Preoperative cardiopulmonary exercise testing and risk of early mortality following abdominal aortic aneurysm repair

Abstract

Background: Cardiopulmonary exercise testing (CPET) provides an objective assessment of functional capacity. The aim of this study was to assess whether preoperative CPET identifies patients at risk of early death following elective open and endovascular abdominal aortic aneurysm (AAA) repair. Methods: Prospective data were collected from a pilot study between September 2005 and February 2007, and from all patients who underwent CPET before elective AAA repair at two vascular centres between February 2007 and November 2011. Symptom-limited, maximal CPET was performed on each patient. Univariable and multivariable analyses were used to identify risk factors for 30- and 90-day mortality. Results: Some 415 patients underwent CPET before elective AAA repair. Anaerobic threshold (AT), peak oxygen consumption (peak V̇O2) and ventilatory equivalents for carbon dioxide were associated with 30- and 90-day mortality on univariable analysis. On multivariable analysis, open repair (odds ratio (OR) 4·92, 95 per cent confidence interval 1·55 to 17·00; P = 0·008), AT below 10·2 ml per kg per min (OR 6·35, 1·84 to 29·80; P = 0·007), anaemia (OR 3·27, 1·04 to 10·50; P = 0·041) and inducible cardiac ischaemia (OR 6·16, 1·48 to 23·07; P = 0·008) were associated with 30-day mortality. Anaemia, inducible cardiac ischaemia and peak V̇O2 less than 15 ml per kg per min (OR 8·59, 2·33 to 55·75; P = 0·005) were associated with 90-day mortality on multivariable analysis. Patients with two or more subthreshold CPET values were at increased risk of both 30- and 90-day mortality. Conclusion: An AT below 10·2 ml per kg per min, peak V̇O2 less than 15 ml per kg per min and at least two subthreshold CPET values identify patients at increased risk of early death following AAA repair.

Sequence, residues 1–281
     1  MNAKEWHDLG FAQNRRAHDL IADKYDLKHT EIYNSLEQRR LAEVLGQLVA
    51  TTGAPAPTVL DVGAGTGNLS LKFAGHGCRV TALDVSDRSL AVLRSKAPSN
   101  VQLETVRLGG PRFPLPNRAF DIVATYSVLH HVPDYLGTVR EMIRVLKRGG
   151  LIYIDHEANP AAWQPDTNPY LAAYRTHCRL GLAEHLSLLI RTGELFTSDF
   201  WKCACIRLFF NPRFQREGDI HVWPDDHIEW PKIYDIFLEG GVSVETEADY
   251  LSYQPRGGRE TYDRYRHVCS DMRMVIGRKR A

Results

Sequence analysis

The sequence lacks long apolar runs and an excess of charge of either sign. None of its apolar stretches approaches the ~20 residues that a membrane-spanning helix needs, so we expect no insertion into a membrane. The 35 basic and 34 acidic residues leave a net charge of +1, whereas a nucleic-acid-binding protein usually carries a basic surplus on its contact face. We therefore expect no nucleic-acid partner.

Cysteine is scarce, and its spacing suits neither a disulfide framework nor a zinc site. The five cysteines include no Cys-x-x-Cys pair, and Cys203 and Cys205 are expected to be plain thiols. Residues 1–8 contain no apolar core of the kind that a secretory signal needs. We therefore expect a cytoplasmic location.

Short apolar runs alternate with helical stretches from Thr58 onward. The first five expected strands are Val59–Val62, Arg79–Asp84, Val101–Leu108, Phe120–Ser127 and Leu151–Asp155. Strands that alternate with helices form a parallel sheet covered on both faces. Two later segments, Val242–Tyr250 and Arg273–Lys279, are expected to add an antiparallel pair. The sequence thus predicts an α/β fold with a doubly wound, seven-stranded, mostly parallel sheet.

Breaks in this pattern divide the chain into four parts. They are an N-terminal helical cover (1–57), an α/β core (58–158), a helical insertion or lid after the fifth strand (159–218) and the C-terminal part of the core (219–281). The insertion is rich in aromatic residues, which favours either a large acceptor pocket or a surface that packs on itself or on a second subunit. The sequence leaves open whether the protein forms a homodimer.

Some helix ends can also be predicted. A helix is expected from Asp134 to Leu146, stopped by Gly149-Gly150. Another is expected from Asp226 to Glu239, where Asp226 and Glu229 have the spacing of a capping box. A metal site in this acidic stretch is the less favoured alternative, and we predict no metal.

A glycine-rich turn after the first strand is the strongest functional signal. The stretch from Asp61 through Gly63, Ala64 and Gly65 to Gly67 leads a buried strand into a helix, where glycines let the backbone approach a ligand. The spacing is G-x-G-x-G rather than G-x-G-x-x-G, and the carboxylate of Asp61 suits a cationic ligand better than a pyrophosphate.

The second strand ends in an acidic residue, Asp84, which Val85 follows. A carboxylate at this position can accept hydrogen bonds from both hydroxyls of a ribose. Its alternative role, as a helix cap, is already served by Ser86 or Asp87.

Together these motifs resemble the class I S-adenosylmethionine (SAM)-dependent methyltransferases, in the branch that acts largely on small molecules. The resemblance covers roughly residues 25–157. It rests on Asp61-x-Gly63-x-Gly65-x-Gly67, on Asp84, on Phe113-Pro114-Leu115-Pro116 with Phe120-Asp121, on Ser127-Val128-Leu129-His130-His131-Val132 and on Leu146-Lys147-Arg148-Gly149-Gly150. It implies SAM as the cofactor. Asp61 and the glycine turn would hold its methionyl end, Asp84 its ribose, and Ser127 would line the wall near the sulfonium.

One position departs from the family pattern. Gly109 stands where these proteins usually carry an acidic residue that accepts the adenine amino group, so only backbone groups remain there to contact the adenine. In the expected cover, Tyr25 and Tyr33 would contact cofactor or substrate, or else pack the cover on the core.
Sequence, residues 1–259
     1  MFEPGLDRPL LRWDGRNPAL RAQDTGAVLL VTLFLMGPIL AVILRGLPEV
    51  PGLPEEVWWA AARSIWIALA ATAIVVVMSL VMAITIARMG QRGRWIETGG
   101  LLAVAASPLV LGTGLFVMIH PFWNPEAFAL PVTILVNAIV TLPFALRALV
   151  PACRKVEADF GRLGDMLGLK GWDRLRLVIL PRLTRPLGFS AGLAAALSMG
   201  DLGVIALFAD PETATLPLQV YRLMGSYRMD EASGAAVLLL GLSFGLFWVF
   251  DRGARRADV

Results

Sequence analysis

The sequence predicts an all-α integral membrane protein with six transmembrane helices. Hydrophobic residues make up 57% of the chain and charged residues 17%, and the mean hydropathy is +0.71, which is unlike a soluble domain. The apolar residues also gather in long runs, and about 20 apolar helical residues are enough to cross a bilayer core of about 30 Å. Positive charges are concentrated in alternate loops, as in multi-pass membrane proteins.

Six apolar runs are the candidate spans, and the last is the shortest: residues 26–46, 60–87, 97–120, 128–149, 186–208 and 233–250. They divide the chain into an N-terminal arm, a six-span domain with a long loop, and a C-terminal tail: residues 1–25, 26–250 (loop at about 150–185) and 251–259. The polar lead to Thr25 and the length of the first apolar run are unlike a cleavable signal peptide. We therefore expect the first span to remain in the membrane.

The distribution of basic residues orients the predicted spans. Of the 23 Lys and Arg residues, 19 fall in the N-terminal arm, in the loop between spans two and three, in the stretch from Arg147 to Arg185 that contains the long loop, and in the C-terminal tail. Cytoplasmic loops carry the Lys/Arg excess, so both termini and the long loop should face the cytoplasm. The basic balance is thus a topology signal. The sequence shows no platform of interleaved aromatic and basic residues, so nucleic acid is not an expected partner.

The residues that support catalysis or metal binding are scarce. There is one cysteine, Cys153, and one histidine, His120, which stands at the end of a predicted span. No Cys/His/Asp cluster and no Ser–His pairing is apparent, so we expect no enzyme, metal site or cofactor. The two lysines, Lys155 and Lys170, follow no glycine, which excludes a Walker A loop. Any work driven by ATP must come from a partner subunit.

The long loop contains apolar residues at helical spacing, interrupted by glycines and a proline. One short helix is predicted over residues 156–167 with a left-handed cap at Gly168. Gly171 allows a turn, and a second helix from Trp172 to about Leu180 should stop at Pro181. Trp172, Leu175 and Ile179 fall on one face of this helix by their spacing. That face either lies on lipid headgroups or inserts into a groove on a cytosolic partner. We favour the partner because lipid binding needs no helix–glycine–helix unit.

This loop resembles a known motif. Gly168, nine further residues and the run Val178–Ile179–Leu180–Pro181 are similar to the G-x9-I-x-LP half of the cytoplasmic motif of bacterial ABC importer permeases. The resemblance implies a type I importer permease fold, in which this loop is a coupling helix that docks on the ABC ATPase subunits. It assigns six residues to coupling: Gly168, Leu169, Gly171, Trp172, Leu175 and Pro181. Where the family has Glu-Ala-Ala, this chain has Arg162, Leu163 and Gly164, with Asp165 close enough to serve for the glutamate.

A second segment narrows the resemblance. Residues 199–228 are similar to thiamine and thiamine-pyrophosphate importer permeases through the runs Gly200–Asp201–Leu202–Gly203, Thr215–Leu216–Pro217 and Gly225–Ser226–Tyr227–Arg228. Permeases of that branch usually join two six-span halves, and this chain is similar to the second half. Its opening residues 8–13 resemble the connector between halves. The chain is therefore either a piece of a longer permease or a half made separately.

Publication
British Journal of Surgery
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